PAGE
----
HONOLULU – More than 2,400 miles separate California from Hawaii, but officials with the Hawaii Department of Agriculture (HDOA) aren't taking any chances when it comes to preventing avian influenza from taking hold in the state.

HDOA officials are spreading the word to poultry and bird owners to implement and maintain good biosecurity measures. Several confirmed outbreaks of the highly pathogenic H5 bird flu virus in the Pacific Flyway – which includes California, Utah, Nevada and Idaho – prompted officials to encourage bird and poultry owners to monitor flocks for symptoms of disease or dead birds.

“Hawaii may be geographically far from other land masses, but some migratory birds do fly to Hawaii,” said Scott Enright, chairman of the Hawaii Board of Agriculture. “Bird owners, particularly those who keep their birds outdoors should take precautions, be vigilant and report any symptoms of diseased or dead birds in their flocks.”

In response to the bird flu outbreaks on the mainland, HDOA officials established strict bird import regulations which require permits, inspections, health certificates, and in some cases, isolation periods before arrival and physical identification. The state also embargoed bird imports through the mail.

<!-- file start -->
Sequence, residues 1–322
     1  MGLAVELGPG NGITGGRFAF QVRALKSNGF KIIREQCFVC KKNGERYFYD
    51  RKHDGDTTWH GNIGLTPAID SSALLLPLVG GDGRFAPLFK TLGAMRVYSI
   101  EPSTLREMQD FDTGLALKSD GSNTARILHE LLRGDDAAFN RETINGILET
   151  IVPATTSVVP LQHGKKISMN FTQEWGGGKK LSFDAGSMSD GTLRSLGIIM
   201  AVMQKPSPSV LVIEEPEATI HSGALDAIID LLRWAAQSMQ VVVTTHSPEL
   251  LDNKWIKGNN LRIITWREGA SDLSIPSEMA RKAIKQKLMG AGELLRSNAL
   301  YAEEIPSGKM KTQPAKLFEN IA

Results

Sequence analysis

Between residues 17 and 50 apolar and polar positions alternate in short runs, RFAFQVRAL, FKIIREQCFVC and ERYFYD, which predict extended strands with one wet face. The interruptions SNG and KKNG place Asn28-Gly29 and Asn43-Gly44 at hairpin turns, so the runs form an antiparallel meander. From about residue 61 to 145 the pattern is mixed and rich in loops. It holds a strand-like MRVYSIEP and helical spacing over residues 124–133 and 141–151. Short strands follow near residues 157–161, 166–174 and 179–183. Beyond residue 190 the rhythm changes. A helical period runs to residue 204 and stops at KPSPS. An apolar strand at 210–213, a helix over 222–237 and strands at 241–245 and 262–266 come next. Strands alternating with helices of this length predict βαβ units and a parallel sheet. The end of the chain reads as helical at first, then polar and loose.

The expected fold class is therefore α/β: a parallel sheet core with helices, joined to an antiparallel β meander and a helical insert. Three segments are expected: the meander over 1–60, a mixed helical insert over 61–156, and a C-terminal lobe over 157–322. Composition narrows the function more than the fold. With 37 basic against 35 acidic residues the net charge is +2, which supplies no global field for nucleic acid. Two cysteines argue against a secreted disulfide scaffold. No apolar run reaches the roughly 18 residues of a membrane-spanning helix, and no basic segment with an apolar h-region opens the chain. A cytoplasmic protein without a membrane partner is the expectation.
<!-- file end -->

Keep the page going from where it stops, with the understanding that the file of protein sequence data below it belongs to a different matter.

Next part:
HDOA said the agency's veterinarians have been closely monitoring the outbreaks and have implemented pre-entry AI test requirements on imported poultry and birds. Additionally, the agency placed import restrictions on all poultry, other birds, hatching eggs and day-old chicks from zones in states with confirmed outbreaks. Poultry within Hawaii are under continuous surveillance, HDOA said.